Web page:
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Encino Hospital engaged SRCC Associates to manage and operate Serenity Recovery Center (Serenity) at the hospital, under the hospital’s direction and control, to provide acute (i.e., short-term) drug and alcohol detoxification services.

In 2016 Mary Lynn Rapier filed this qui tam action on behalf of the People of the State of California, alleging violations of the Insurance Fraud Prevention Act (IFPA) against Encino Hospital and other defendants. California Department of Insurance (CDI) elected to intervene and take over prosecution of the action.

CDI filed the operative second amended complaint, which was eventually pared down to allege a cause of action for “illegal patient steering,” in violation of subdivision (a) of Insurance Code section 1871.7, and a cause of action for “submission of false claims” in violation of subdivision (b) of that section. CDI alleged the causes of action against six defendants: Encino Hospital, Prime Healthcare Services, Inc., and Prime Healthcare Foundation, Inc. and SRCC Associates, its principal, Jonathan Lasko, and JNL Management, LLC (collectively.

The CDI alleged that although Encino Hospital was properly licensed as a general acute care hospital, it could not legally operate a medical detoxification facility because it had no separate license as a chemical dependency recovery hospital. The CDI alleged that in billing for detox services for which they had no proper license, defendants knowingly submitted at least 1,858 fraudulent insurance claims, requiring an award of damages of at least $57,678,436 before trebling. And that that Serenity employed a referring party to funnel patients to its program in exchange for Serenity discharging acute-care patients to chronic-care facilities affiliated with the referring party.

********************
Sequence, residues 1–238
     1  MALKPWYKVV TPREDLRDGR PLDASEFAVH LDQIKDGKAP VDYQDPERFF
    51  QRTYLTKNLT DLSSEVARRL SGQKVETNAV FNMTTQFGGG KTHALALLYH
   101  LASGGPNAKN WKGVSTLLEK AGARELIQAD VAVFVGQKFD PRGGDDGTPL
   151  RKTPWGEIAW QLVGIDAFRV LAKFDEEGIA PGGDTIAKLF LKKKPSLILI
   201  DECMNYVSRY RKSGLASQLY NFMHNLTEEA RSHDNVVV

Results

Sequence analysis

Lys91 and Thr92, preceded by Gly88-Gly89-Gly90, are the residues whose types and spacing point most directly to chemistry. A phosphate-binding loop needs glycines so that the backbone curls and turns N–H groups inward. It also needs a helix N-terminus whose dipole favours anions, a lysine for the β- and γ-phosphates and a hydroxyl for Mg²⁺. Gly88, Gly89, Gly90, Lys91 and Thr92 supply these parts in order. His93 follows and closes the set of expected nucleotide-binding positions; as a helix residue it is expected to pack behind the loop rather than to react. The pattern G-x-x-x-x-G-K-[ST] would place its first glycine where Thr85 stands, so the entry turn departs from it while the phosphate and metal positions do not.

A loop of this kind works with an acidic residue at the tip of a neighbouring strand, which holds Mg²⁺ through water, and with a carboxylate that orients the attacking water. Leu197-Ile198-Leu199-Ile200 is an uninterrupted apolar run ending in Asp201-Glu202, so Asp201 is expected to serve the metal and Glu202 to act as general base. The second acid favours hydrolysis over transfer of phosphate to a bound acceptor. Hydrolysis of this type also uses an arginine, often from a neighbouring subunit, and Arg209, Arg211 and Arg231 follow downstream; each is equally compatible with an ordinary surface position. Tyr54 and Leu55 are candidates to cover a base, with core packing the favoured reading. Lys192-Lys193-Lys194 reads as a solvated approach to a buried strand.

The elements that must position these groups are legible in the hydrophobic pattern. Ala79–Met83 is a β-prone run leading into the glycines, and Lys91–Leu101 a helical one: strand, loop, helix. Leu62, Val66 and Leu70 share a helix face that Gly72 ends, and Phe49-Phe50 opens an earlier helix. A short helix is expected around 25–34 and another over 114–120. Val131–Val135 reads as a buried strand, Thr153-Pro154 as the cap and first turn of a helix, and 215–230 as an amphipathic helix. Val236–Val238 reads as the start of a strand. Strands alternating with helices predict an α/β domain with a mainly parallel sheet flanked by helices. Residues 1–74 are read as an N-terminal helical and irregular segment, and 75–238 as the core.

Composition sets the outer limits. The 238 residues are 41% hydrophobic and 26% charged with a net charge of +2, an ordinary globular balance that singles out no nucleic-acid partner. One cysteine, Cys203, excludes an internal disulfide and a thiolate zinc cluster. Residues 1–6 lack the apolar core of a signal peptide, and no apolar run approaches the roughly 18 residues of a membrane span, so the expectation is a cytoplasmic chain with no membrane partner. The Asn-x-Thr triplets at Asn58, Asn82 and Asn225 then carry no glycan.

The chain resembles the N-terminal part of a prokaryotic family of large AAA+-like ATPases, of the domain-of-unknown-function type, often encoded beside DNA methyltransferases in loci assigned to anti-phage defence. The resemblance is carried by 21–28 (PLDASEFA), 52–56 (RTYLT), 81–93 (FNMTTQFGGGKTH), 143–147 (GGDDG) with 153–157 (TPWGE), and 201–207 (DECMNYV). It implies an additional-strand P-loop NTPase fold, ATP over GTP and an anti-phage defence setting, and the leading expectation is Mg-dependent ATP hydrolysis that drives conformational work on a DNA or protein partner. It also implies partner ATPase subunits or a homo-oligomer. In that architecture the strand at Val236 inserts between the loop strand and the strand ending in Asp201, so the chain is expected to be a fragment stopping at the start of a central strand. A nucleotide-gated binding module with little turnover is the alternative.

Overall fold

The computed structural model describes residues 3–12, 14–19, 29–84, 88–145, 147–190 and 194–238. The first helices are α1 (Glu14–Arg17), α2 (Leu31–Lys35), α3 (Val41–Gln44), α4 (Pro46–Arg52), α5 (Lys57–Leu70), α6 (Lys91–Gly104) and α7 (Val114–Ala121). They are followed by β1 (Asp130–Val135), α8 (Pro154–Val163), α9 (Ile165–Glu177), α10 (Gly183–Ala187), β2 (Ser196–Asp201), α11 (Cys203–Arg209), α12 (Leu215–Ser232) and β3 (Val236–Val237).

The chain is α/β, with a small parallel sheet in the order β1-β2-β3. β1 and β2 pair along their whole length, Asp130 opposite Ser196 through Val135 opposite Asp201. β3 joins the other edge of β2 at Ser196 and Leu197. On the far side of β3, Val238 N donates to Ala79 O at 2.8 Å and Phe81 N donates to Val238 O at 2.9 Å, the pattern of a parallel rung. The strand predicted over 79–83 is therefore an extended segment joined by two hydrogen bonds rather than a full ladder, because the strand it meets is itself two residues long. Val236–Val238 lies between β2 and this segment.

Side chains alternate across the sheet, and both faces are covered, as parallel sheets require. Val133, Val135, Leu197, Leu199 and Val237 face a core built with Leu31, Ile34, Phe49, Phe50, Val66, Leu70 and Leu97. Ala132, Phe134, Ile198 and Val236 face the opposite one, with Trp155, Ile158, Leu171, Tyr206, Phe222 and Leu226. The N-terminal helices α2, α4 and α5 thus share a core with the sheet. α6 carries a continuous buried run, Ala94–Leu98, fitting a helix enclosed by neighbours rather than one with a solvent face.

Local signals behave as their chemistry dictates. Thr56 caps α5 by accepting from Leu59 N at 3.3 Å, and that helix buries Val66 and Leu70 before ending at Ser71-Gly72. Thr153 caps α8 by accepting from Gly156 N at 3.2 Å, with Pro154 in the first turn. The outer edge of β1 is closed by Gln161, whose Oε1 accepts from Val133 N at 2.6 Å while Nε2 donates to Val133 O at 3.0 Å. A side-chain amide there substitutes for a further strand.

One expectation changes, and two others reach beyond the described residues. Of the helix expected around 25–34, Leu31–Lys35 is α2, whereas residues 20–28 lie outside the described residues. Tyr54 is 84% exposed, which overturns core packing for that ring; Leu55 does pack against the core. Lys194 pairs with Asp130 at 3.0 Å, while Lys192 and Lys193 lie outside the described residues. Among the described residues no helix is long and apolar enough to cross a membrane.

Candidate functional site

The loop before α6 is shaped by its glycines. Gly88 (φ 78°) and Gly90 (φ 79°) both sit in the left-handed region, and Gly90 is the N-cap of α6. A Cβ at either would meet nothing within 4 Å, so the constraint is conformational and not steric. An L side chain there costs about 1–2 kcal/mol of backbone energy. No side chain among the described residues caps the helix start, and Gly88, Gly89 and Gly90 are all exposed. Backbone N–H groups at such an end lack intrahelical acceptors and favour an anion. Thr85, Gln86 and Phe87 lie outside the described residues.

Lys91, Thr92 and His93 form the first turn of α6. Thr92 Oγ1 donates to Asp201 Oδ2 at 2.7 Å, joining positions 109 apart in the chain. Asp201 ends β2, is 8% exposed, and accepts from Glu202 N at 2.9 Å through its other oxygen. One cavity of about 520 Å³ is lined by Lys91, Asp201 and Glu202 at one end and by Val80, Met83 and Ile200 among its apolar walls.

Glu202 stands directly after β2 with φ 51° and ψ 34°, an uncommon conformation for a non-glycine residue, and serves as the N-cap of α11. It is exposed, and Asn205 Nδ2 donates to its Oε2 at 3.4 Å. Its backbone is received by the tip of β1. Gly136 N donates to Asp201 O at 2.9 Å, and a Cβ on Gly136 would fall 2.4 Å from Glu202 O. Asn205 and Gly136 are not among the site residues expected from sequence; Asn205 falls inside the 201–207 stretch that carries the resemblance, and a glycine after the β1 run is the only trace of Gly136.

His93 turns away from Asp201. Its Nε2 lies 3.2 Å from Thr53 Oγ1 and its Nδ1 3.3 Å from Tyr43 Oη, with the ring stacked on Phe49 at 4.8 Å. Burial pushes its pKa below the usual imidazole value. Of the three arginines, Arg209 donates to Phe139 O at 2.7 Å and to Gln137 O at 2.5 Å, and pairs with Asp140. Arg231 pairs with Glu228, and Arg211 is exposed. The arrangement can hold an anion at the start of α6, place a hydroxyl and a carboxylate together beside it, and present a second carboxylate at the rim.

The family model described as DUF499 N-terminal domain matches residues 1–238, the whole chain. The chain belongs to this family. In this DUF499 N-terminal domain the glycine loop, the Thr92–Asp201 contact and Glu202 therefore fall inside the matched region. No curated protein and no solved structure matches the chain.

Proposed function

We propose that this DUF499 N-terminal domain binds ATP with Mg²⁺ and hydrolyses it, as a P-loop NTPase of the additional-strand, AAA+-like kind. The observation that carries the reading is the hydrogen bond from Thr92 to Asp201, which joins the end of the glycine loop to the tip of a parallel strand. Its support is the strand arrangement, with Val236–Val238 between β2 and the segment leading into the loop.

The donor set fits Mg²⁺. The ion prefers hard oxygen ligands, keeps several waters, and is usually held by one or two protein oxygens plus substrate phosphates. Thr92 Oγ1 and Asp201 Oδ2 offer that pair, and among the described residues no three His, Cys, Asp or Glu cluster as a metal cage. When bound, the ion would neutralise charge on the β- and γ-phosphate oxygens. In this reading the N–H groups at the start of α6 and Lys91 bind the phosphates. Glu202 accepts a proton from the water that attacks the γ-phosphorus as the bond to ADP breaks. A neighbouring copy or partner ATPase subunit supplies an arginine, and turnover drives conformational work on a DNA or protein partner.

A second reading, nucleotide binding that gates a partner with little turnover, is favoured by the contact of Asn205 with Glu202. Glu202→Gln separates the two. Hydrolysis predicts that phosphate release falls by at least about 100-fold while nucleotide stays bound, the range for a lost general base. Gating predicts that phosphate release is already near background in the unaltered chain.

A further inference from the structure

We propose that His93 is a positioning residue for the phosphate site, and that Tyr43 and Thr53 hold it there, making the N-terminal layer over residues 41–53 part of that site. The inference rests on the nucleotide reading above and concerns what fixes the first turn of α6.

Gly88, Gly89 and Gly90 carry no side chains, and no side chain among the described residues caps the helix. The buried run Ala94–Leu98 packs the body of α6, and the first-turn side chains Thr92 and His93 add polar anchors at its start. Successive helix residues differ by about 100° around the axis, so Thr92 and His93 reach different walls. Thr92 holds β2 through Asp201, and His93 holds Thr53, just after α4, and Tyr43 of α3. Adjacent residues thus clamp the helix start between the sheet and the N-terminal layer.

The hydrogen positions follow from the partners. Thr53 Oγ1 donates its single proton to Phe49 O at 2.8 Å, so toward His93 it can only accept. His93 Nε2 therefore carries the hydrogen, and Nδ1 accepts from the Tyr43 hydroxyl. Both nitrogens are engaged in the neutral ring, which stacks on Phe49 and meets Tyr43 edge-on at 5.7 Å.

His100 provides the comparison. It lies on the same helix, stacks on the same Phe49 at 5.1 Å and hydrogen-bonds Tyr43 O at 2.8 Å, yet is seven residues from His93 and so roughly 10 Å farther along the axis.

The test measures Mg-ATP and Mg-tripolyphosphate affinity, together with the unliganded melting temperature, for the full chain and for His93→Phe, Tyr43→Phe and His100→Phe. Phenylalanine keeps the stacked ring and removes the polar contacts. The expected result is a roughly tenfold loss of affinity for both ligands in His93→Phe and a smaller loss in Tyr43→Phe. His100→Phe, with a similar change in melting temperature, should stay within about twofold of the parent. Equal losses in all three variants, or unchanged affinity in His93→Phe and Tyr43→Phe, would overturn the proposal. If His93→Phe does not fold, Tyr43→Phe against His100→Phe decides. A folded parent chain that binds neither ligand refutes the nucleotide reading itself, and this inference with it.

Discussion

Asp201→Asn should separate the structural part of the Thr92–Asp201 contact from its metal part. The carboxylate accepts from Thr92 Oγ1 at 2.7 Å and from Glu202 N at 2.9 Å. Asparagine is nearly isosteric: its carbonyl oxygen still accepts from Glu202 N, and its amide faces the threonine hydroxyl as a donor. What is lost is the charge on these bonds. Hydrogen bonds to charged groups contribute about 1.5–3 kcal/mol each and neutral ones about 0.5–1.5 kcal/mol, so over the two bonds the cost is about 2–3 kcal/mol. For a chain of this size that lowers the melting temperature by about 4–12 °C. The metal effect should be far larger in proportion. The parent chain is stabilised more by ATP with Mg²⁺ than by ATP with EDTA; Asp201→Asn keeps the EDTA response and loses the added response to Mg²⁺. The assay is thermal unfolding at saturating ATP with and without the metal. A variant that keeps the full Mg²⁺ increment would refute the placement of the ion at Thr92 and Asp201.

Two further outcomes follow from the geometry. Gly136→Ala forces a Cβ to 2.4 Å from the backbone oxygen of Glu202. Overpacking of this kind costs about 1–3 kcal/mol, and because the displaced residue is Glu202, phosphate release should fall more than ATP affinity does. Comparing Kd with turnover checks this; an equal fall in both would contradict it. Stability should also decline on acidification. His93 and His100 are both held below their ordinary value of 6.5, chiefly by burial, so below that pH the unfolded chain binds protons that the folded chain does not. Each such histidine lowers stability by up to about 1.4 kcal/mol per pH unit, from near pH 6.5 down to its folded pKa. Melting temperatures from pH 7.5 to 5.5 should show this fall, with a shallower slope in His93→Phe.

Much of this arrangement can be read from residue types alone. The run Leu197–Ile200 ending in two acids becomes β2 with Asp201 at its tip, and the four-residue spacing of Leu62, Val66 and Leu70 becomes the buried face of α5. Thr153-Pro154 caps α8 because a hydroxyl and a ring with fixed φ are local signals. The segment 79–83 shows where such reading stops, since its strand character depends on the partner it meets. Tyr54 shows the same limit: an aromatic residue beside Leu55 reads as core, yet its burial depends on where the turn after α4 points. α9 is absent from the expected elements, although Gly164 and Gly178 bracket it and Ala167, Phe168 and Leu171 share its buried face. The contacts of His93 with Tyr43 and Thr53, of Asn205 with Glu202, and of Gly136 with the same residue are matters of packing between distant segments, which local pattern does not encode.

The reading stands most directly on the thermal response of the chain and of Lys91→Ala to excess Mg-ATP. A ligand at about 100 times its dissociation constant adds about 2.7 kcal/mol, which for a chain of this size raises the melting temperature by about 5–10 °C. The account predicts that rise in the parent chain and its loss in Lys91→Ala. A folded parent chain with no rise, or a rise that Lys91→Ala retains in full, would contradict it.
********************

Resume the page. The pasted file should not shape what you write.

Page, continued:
After a bench trial, the trial court found that CDI’s fraud theory was unsupported by any evidence of a false statement or omission, specific intent to defraud, materiality, or reliance. On the contrary, the undisputed evidence was that all defendants intended to follow the law, consulted attorneys when unsure about what to do, and relied on a lack of information from any agency, including CDI, that their practices were improper, even after the allegations in this case were made public.

The court found that CDI’s claims, “including the CDI itself, constituted a vast overreach as to parties, theories, and scope. Thus the trial court found in favor of the defendants, and the Court of Appeal Affirmed in the published case of State of Cal. v. Encino Hospital Medical Center – B303196 (January 2023)

On appeal, CDI contend the trial court erred by interpreting the IFPA as applying only to fraudulent claims as opposed to simply false claims, and by interpreting subdivision (a) of section 1871.1 as requiring a cash exchange as opposed to an exchange of any item or service of value. CDI further contends the trial court erred in denying it a jury trial.

The IFPA, originally enacted in 1993, consists of eight articles concerning insurance fraud. The Court of Appeal reviewed amendments to the Act since then, and the legislative intent. Although the former law allowed actions arising from any workers’ compensation claim even if the claim was not fraudulent, according to the Senate Committee on Criminal Procedure, section 1871.7 as amended in 1995 required proof that a claim was illegal and fraudulent. Section 1871.7 was amended again in 1999, by adding the last sentence to subdivision (b), which provided for the first time that penalties are to be assessed for each fraudulent claim presented to an insurer, instead of for each violation of subdivision (a).

Here, CDI alleged that Encino Hospital misrepresented to insurers that it was properly licensed to provide detox services when it was not. The trial court found no evidence suggesting that defendants presented a false claim to any insurer. The Court of Appeal agreed and said “no authority of which we are aware or to which we have been directed obligates Encino Hospital to hold any license other than its license as a general acute care hospital.

Because Encino Hospital needed no separate license or approval, and no evidence showed it concealed any provider, the CDI’s cause of action for false claims fails for lack of a predicate. The Court concluded by saying “We therefore need not decide whether the IFPA requires a showing of scienter or materiality.”

CDI demanded a jury trial but failed to deposit jury fees. The trial court therefore granted Prime’s motion to strike the demand for a jury trial, finding that jury fees were not timely paid, and in any event CDI’s causes of action were not subject to jury trial.

On this issue the Court of Appeal concluded that on the merits, CDI was not entitled to a jury trial on its claims. “The IFPA affords no explicit right to a jury trial on causes of action it creates.